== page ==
Winter is approaching – Can my dog get the cold?
Sniff, sniff, sniff
Who does not know it? A runny nose, a scratchy throat and that listlessness? It’s that time again – a cold is coming on. But it’s not just us humans who feel this way: our dogs do too. When a dog has a cold, however, he can’t shout it out into the world, let alone tell us. We have to take care of him ourselves and watch for signs. What signs should make your alarm bells ring and how to perfectly deal with your dog’s cold, we want to tell you here.
The cold season
After long walks and frequent wetting – whether by snow or rain – both dogs and owners are first of all frozen through. If the dog then also begins to sneeze, the question arises – does my dog have a cold? Because not only humans, but also dogs can fall ill and suffer from it. Especially in the cold seasons. However, not every cough or sneeze is a sign of a cold, let alone a case for the vet. Since many infections such as viruses, bacteria and fungi lead to rhinitis in dogs, we list for you which symptoms should make you sit up and take notice and what causes them.
Symptoms and causes: When your dog gets the cold
Sneezing can be harmless, but of course it can also be worrisome. Harmless sneezing often manifests itself after personal hygiene, licking, gnawing or rolling on the floor, but also when your dog does not know what is expected of him or what to do. When the situation overwhelms him. This sneezing is mostly one-time and not dangerous. Temporary irritation of the nasal mucous membranes caused by spraying cleaning products, deodorants, perfumes or even scented candles, can lead to sneezing. However, heavy and frequent sneezing should make you take notice.
2. Runny nose
If your dog has a runny nose in addition to frequent sneezing, this is the first sign that your dog has the cold. However, there are other reasons for a runny nose. For example, excitement and nervousness can cause a clear, thin mucus to come out of the nose. However, if this mucus does not disappear and the nose continues to run, this is another sign that your dog has the cold.
3. Foreign body
The symptoms of sneezing and a runny nose are also caused by foreign bodies stuck in your dog’s nose that he wants removed. In this case, your dog touches his nose with his paws and shakes his head more often than normal. In most cases, the foreign body is stuck in the nasal mucosa. In the long run, this can lead to chronic irritation and makes a visit to the vet essential. Romping around in fields, meadows and forests can cause small grains, grasses or ears of corn to get stuck in the nose and lead to cold-like symptoms.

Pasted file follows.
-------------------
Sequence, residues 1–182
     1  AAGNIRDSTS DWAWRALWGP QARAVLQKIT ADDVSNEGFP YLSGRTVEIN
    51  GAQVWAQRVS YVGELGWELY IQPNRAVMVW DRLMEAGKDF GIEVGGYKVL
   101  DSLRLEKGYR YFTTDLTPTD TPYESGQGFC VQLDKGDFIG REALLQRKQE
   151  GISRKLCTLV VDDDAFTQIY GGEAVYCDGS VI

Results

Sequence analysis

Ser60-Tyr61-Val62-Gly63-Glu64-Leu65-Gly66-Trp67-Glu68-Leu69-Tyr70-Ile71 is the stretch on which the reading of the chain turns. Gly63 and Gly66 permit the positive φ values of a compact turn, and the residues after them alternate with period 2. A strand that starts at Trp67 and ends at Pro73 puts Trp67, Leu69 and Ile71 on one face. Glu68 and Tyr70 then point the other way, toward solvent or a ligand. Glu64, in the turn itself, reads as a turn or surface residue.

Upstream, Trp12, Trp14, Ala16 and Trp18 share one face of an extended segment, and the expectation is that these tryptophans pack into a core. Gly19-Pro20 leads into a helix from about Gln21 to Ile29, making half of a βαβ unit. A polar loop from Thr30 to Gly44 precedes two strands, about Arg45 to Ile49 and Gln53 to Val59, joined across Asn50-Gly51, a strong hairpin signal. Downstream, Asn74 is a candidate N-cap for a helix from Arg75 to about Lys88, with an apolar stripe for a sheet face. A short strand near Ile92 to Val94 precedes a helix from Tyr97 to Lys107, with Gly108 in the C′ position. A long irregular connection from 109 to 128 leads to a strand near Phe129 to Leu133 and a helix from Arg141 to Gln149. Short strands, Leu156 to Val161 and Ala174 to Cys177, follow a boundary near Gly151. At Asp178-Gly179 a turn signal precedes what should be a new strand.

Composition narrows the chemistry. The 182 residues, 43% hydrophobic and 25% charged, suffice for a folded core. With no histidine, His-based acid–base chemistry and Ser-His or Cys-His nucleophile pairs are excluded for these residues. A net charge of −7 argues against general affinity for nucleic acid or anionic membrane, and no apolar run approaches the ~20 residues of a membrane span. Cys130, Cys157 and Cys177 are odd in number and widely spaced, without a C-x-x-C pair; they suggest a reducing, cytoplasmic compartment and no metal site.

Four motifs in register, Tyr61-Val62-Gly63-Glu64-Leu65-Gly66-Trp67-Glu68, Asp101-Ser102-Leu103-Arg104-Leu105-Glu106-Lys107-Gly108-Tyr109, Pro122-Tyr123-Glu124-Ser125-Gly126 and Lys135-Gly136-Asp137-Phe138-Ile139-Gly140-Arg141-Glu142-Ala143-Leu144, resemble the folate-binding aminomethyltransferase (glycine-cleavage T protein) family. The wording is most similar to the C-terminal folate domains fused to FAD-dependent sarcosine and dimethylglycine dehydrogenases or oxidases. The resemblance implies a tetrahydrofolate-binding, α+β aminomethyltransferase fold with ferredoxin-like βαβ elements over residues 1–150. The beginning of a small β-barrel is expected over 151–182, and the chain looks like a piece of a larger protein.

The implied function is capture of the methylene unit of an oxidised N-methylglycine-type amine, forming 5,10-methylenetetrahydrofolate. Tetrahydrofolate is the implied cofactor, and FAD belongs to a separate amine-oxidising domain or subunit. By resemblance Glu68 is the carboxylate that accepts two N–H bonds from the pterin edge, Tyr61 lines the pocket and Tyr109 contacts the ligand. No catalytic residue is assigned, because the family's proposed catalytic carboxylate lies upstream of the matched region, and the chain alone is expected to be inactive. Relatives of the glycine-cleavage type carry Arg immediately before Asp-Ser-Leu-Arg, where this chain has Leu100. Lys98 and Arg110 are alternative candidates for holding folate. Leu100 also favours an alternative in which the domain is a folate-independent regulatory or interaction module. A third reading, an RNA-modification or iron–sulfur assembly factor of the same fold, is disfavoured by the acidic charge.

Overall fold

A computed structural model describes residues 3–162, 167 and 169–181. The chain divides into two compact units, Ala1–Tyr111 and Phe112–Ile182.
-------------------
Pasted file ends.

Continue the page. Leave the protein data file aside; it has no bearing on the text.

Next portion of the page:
A dog’s cough sounds different than a human’s. It sounds more like gagging, almost as if he is trying to gasp something out of his throat. Coughing can also have different causes. Infections caused by viruses or bacteria, as well as an irritated larynx from all the tugging on the leash and collar, can trigger such coughing fits. Nevertheless, when your dog has a cold, mucus accumulates in the nasal cavities and can either be excreted or flow through the throat area causing – as with us humans – choking and coughing.
5. Breathing sounds and mouth breathing
Due to your dog’s frequent sneezing fits, the nasal mucosa increasingly swells. This impedes breathing and leads to breathing noises. As a rule, dogs breathe through their nose. The exception is breathing through the mouth when running and playing wildly. If the nasal passages are blocked by the cold, your dog has no choice but to breathe through the mouth more often as normal.
6. Eye rubbing
Is your dog rubbing his eyes with his paws more often? This indicates an allergy. Allergies can have similar symptoms to the common cold and are not uncommon in dogs. Just like in humans, the cold-like symptoms can erupt at different times of the year. Common triggers include pollen, grasses, mold spores, dust and dust mites, as well as food ingredients, perfumes, cleaning products, rubber, plastic materials and more. Other signs may include chewing of the paws, scratching, licking and biting various parts of the body, ear infections, hair loss, coughing, red eyes with eye discharge and rubbing the eyes on various objects, as well as vomiting and diarrhea.
Dogs also sometimes suffer from nosebleeds. The causes here can be due to strong sneezing and foreign bodies in the nose, which lead to injuries of the mucous membranes. Less pleasant is the variant that it could be a benign or malignant tumor, which blocks the upper airways and thus triggers the rhinitis. Blood in the nasal secretions is also a possibility. If your dog has a nosebleed and it won’t stop, be sure to see a veterinarian.
A dog’s normal body temperature is 38.0 and 39.0 degrees Celsius (measured in the rectum), a bit higher than a human’s normal body temperature. If your dog has a cold and is listless, it is recommended to take a fever. With a temperature of 39.7 degrees Celsius, your dog is suffering from fever and it is advisable to consult a veterinarian.
9. Other symptoms
Other symptoms include, in particular, frequent licking of the nose, fatigue, vomiting and loss of appetite.
What can I do if my dog has the cold?
A few little tips for you:
1. Only take small walks and avoid wild playing and running.
2. Your dog needs to take it easy, so you should set up a stress-free environment so that he can sleep a lot and get some rest.
3. Warmth is good for both you and your pet when you have a cold. Set up a cozy corner for your four-legged friend, where he will be warm and quiet.
4. In winter, rooms are often dry. Not very conducive to a cold. To increase the humidity in the room, you can use a humidifier or turn off your dehumidifier, hang wet towels over the heater, or as a short-term solution, dry your laundry in this room.
5. Your dog needs to drink a lot!
6. Especially for a dog with a cold , high quality and high protein food is very important, which contains many nutrients. Buy appropriate food for your dog. Tip: If your dog drinks too little, enrich the food with water, so that he at least takes liquid about it.